In my life I have a need for many things and equilibrium is one such vital requirement.
I, like many, have a daily struggle to achieve this sense of steadiness. Conflicting priorities, demands both self-imposed and external, all compete to throw the delicate balance into disarray.
At what point do you say ‘enough!’ and either succumb to a life of imbalance or take the helm in a way that you are in truly in control? I don’t really know, perhaps that is a rhetorical question, perhaps not.
I recently engineered some time-out for me. I use the word ‘engineered’ because it was logistically and practically a challenge. It should not have been. I needed a rest, some time to reflect and time to gather my thoughts in such a way as I might achieve equilibrium or at least know that it was achievable.
I spent a couple of days in Canberra. Some may think a strange destination but I have my reasons. I knew I would have anonymity, I would be in good company and I would have time to think and reflect, so it was a logical choice.
What I wasn’t expecting was to find was that my surroundings, with all their significance, symbolism and importance were actually what helped me find my balance.
At first it was the natural beauty which calmed my senses. Spring had clothed the deciduous trees in resplendent leaves of green. All around native and exotic flora engaged the soul and the spirit with wondrous blossom and flowers. It was my privilege to view our Nation’s Capital from aboard a vessel on Lake Burley Griffin. It was quite a different perspective to be on the water line and to be buoyant in the true sense of the word.
This is where my sense of balance began to emerge. The ceremonial precinct of Canberra is known as the Parliamentary Triangle. This was the basis for Walter Burley Griffin and Mary Mahoney Griffin’s plan for Canberra.
At the apex of the triangle sits Parliament House and the two bottom vertices are marked by the Defence Headquarters to the east and City Hill to the west. The land axis, best viewed from the water, sees a line of sight from Parliament House to the South and the Australian War Memorial to the north.
It would serve our elected members well to look down this line of sight from their respective Places in the House and be reminded of the core defining values the Australian democracy has at its heart. Those being; freedom of election and being elected; freedom of assembly and political participation; freedom of speech, expression and religious belief; rule of law; and other basic human rights.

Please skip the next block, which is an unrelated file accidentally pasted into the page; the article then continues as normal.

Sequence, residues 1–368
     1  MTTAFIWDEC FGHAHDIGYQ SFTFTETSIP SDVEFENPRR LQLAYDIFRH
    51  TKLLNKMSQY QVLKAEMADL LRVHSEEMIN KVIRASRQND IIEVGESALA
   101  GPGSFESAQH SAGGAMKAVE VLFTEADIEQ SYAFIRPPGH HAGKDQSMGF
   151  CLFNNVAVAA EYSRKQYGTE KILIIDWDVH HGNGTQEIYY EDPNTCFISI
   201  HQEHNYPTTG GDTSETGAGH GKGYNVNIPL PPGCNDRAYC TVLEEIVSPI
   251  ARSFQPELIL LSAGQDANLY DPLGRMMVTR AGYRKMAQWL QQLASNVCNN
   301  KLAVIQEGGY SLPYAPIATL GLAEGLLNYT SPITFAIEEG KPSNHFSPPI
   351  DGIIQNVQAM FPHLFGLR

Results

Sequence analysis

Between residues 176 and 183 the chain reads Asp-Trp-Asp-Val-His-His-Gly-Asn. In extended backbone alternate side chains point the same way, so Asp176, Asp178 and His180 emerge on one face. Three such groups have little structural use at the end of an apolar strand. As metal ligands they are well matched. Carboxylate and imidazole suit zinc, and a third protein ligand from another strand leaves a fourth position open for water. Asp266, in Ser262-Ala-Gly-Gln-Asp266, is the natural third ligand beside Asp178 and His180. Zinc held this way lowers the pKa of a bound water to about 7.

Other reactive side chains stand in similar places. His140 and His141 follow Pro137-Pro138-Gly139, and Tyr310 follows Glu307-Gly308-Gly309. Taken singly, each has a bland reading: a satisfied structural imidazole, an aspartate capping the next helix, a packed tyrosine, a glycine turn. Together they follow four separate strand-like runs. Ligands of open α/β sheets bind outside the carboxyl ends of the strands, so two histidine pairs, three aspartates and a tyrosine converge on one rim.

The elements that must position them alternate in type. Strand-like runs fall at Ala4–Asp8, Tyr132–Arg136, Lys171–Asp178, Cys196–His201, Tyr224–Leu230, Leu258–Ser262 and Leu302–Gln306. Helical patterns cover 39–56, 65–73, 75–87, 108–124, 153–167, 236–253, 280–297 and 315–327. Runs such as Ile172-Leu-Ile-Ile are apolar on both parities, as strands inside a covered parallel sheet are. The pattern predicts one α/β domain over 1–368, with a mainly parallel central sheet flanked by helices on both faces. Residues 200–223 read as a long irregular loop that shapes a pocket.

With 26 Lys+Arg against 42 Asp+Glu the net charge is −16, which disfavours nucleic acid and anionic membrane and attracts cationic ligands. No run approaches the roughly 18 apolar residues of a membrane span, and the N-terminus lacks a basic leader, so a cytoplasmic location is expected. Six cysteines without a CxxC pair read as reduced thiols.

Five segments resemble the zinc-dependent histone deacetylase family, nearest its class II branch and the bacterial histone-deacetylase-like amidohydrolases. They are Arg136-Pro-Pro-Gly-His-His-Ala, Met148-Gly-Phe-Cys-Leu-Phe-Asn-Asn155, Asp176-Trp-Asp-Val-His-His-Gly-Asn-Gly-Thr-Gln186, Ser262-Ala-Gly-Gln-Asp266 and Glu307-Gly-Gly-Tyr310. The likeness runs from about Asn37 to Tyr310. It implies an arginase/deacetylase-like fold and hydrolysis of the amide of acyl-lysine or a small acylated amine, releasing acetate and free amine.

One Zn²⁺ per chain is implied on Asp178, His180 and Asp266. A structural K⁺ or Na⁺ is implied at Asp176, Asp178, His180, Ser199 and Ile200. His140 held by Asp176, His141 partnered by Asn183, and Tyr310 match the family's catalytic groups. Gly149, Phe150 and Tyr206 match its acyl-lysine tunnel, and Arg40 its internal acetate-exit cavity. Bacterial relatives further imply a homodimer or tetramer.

It is noted that a subsequent government placed the war memorial where it now sits so that parliamentarians could look along the axis and be reminded of their responsibilities to the people of Australia. It is a pity that the House of Representatives and the Senate entrances are on the sides of Parliament House, a prescribed design feature or genuinely overlooked?
For me sights such as the War Memorial are a poignant reminder of the sometimes futile cost in lives and social infrastructure of war, of true loss, sacrifice and the delicate balance of freedom.
The High Court serves as a bold landmark from the water. The highest appellate court in the Australian judicial system, its main function is to interpret and apply the law of Australia. I believe we need reminding of its huge capacity to serve us well and its international reputation for judicial excellence.
The National Library holds in its care and custody many treasured documents from Captain Cook's journals to literary master pieces. They have the responsibility of keeping a copy of every book that is published in our nation.
Then there is the National Museum with its catch phrase being “where our stories live!”
I wonder what stories will be told and celebrated beyond 2014 and how many of those stories will be embellished beyond recognition albeit with the best of intentions. Most of all though, I wonder how many stories will have their narratives retold with a sense of shame and lack of national pride because future generations will look back as simply ask ‘what were they thinking?’
Have we lost our sense of balance in a most precarious world? Or is it that only our children’s children will have the benefit of hindsight to question the decisions we are making today.
Indeed, what are we thinking? We attempt to defy science and flout evidence which should be informing us to act to lessen the impacts of climate change. We are quick to engage in battles both metaphorical and real, without truly understanding the reasons why; but do it because it is perceived to be the right thing by our allies and to be politically popular.
Globally and locally a too greater percentage of our people live in poverty, have poor health and their education status is poorer still. Have we, as a people, lost our sense of social balance?
I believe I had lost my equilibrium so it was surprising that through this chance encounter that I now have a new mantra, ‘let it go!’
I have always known that there are things well and truly outside of my circle of influence that I cannot affect or change. And there are also the situations that can only be defined as ‘someone else’s problem.’
It’s only with the passing years that I now believe that I can and actually give myself the permission to ‘let it go’.
In letting go I have found an inner strength to embrace change like never before.
Whilst I have been able to readily adapt, revise plans and my way of thinking in the past, I now see the present and the future with much more acuity and clarity.
This piece is not about unveiling insecurities or disclosing fears but rather it is about accepting what I can influence and that which I cannot.
This piece is about being stronger, yet forgiving in a way which allows me to breathe and to live. I mean to really live, not just exist in a world full of uncertainty and paradoxically full of endless possibilities.
Love this life.